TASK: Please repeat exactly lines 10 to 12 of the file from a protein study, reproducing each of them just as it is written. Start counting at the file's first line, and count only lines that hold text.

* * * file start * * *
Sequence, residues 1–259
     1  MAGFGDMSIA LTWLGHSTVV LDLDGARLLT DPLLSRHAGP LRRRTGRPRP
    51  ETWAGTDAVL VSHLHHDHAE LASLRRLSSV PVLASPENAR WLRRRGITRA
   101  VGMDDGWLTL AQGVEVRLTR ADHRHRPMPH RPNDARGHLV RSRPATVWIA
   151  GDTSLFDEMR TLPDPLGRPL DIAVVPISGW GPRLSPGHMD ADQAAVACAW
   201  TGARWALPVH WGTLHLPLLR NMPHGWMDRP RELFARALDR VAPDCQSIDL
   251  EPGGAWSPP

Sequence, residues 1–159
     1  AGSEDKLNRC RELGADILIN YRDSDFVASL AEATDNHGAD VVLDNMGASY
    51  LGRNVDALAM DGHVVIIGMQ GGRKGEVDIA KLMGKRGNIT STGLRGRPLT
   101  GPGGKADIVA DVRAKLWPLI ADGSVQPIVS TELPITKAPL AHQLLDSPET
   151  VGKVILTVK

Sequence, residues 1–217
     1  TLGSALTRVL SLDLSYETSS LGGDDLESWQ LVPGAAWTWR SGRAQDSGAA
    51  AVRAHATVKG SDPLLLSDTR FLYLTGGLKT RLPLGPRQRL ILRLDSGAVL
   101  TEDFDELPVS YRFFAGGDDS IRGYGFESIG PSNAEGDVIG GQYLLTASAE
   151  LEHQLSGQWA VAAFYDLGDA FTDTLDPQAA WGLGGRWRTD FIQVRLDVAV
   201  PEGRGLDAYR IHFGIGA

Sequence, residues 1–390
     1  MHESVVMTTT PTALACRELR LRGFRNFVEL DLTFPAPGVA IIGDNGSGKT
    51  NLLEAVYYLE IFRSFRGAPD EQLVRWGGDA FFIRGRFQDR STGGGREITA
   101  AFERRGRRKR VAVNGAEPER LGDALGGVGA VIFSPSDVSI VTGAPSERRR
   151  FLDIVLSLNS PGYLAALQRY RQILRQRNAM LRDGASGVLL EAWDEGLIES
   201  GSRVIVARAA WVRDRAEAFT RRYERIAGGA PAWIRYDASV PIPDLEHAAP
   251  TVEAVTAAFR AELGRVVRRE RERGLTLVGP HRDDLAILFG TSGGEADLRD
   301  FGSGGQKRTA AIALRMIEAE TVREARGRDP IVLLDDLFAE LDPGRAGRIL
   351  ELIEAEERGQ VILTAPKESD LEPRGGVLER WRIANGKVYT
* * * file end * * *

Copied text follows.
    51  LGRNVDALAM DGHVVIIGMQ GGRKGEVDIA KLMGKRGNIT STGLRGRPLT
   101  GPGGKADIVA DVRAKLWPLI ADGSVQPIVS TELPITKAPL AHQLLDSPET
   151  VGKVILTVK